In 1995, Congress passed the Interstate Commerce Commission Termination Act (ICCTA) in an effort to relieve the railroad industry of burdensome regulation. The ICCTA preempts local land-use regulations that communities formerly used to protect valuable resources such as drinking water supplies. Under some circumstances, the National Environmental Policy Act (NEPA) provides the public with limited assurance that railroad projects will not unduly threaten the environment. However, because NEPA does not apply to all railroad projects, the ICCTA’s preemption provision continues to create a regulatory loophole through which railroad companies may undertake a variety of environmentally harmful activities without any local or federal government oversight. Theoretically courts could close the loophole by interpreting the ICCTA’s preemption provision narrowly. Yet no courts to date have taken this approach, and two courts of appeals have expressly rejected such an interpretation.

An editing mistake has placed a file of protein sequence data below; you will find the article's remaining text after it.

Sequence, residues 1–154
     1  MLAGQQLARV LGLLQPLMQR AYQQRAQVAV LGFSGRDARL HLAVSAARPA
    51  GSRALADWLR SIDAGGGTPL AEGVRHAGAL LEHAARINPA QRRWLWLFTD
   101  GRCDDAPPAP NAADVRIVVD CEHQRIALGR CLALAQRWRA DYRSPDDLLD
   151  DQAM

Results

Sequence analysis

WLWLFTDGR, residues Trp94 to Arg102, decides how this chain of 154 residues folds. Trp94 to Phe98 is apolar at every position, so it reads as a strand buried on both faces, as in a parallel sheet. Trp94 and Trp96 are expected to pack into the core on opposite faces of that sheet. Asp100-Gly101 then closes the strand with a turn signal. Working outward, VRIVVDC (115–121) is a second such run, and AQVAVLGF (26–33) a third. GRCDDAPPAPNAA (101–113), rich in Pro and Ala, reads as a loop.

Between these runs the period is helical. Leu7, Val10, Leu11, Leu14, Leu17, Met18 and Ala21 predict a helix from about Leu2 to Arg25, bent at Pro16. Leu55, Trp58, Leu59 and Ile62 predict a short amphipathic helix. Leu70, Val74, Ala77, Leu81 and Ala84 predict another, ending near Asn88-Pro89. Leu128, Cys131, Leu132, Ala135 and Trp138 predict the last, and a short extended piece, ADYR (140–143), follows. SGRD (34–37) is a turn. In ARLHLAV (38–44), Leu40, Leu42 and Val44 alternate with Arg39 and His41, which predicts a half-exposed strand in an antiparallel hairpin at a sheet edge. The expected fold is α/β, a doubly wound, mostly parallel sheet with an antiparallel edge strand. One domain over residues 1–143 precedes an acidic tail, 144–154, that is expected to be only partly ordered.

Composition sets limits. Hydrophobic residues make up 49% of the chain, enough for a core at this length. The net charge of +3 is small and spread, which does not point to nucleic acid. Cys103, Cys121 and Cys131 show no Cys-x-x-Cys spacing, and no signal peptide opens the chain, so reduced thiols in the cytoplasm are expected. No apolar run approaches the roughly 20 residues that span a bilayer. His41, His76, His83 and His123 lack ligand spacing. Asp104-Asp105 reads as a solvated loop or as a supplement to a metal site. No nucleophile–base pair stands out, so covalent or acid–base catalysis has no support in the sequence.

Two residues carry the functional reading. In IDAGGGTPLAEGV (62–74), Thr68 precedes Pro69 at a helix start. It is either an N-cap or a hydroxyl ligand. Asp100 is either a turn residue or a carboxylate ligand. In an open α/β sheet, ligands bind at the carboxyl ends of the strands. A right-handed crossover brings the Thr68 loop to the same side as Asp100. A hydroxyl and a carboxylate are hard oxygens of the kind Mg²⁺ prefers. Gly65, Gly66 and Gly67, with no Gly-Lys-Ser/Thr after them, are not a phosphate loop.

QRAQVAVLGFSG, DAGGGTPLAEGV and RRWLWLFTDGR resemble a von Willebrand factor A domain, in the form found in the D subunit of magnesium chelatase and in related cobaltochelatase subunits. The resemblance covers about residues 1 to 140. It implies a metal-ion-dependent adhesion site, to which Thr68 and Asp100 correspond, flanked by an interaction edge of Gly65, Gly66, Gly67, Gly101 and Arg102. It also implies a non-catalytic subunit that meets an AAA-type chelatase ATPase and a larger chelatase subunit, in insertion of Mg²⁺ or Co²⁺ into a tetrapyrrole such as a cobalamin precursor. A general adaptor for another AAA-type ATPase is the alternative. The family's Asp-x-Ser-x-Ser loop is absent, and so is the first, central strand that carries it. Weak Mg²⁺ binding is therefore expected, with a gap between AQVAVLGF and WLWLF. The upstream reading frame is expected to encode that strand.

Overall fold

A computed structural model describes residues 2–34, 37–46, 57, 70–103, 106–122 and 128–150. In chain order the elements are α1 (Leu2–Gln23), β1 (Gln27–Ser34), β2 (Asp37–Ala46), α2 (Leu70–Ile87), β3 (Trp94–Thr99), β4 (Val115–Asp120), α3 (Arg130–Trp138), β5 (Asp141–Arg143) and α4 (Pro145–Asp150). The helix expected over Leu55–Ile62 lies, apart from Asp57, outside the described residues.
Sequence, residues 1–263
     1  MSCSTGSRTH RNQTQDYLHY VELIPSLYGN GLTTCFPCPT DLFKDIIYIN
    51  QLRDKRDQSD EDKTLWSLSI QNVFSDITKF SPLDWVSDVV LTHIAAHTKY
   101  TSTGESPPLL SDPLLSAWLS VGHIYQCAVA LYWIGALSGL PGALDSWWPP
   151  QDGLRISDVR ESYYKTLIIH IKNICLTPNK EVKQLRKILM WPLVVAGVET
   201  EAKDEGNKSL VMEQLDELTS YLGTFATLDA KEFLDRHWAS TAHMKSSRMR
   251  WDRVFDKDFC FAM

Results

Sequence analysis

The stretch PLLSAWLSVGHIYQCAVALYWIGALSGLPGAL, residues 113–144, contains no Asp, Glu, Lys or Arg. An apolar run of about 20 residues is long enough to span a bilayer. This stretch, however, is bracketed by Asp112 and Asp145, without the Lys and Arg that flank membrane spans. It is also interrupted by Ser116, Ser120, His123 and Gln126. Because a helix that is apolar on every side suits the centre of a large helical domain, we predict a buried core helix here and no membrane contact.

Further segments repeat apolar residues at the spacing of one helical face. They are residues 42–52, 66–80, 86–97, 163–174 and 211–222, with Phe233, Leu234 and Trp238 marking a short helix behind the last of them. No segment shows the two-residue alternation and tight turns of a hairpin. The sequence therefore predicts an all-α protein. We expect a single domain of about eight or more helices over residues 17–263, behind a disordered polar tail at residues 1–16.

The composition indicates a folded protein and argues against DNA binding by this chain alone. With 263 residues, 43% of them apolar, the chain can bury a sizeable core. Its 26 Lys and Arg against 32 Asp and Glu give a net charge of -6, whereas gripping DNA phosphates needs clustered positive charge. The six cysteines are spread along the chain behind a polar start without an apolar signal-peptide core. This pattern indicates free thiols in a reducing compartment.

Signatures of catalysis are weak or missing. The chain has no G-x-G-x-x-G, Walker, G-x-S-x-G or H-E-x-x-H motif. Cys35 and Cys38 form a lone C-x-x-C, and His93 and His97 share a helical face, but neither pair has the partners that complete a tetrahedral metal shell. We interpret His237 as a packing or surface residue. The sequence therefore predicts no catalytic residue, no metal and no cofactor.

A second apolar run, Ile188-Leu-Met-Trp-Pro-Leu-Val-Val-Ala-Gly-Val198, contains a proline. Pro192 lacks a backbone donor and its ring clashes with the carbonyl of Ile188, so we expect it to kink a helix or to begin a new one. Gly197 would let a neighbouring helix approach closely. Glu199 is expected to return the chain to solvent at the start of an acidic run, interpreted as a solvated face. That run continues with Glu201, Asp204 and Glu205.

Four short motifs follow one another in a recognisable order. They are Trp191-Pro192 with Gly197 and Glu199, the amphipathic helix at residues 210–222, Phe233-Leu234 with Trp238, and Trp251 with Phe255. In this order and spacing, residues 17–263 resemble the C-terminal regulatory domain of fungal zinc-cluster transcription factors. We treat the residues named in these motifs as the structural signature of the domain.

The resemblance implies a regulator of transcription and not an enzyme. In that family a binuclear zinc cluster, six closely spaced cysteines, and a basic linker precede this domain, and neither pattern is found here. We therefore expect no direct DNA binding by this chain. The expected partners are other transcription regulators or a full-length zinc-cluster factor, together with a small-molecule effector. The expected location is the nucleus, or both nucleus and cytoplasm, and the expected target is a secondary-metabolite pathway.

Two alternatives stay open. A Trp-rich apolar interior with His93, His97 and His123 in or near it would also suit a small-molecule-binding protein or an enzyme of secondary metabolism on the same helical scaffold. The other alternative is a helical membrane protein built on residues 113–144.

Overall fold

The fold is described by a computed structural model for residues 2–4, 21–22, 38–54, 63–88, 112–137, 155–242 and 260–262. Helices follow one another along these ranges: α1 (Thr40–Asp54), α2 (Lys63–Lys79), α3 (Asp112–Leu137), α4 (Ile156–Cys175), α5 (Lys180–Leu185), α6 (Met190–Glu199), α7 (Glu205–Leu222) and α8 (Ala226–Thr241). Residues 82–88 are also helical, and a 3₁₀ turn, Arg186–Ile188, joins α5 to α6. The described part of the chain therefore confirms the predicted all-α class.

This Note urges Congress to close the regulatory loophole by enacting a statute closely resembling NEPA but requiring railroad companies, rather than federal government agencies, to perform an environmental impact assessment before undertaking activities likely to have a significant effect on the environment. Such a NEPA-like statute, if carefully crafted, would close the loophole directly, while minimizing the burdens imposed on railroad companies.